CAUCHARI — Driving across the border with Chile into the northwest Argentine department of Susques, you may spot what looks like a black mass in the distance. Arriving at a 4,000-meter altitude in the municipality of Cauchari, what comes into view instead is an assembly of 960,000 solar panels. It is the world's highest photovoltaic (PV) park, which is also the second biggest solar energy facility in Latin America, after Mexico's Aguascalientes plant.

Spread over 800 hectares in an arid landscape, the Cauchari park has been operating for a year, and has so far turned sunshine into 315 megawatts of electricity, enough to power the local provincial capital of Jujuy through the national grid.

It has also generated some $50 million for the province, which Governor Gerardo Morales has allocated to building 239 schools.

Abundant sunshine, low temperatures

The physicist Martín Albornoz says Cauchari, which means "link to the sun," is exposed to the best solar radiation anywhere. The area has 260 days of sunshine, with no smog and relatively low temperatures, which helps keep the panels in optimal conditions.

Its construction began with a loan of more than $331 million from China's Eximbank, which allowed the purchase of panels made in Shanghai. They arrived in Buenos Aires in 2,500 containers and were later trucked a considerable distance to the site in Cauchari . This was a titanic project that required 1,200 builders and 10-ton cranes, but will save some 780,000 tons of CO2 emissions a year.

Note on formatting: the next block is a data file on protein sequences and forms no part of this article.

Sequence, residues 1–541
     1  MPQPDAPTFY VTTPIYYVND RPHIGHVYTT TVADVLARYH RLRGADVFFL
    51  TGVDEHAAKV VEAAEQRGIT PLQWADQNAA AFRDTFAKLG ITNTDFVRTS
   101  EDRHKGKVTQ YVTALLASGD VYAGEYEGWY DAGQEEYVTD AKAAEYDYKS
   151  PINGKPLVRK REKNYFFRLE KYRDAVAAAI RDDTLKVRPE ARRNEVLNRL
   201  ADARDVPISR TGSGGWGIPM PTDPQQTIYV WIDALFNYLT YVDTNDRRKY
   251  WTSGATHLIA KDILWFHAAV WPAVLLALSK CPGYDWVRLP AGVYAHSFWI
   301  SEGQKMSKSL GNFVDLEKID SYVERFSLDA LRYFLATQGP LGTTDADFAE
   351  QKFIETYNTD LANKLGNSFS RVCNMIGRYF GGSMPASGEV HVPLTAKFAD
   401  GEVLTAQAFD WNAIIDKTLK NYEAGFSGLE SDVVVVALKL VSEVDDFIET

It is now run by 60 technicians. Its panels, with a 25-year guarantee, follow the sun's path and are cleaned twice a year. The plant is expected to have a service life of 40 years. Its choice of location was based on power lines traced in the 1990s to export power to Chile, now fed by the park.

Chinese engineers working in an office at the Cauchari park


Chinese want to expand

The plant belongs to the public-sector firm Jemse (Jujuy Energía y Minería), created in 2011 by the province's then governor Eduardo Fellner. Jemse's president, Felipe Albornoz, says that once Chinese credits are repaid in 20 years, Cauchari will earn the province $600 million.

The Argentine Energy ministry must now decide on the park's proposed expansion. The Chinese would pay in $200 million, which will help install 400,000 additional panels and generate enough power for the entire province of Jujuy.

The park's CEO, Guillermo Hoerth, observes that state policies are key to turning Jujuy into a green province. "We must change the production model. The world is rapidly cutting fossil fuel emissions. This is a great opportunity," Hoerth says.

The province's energy chief, Mario Pizarro, says in turn that Susques and three other provincial districts are already self-sufficient with clean energy, and three other districts would soon follow.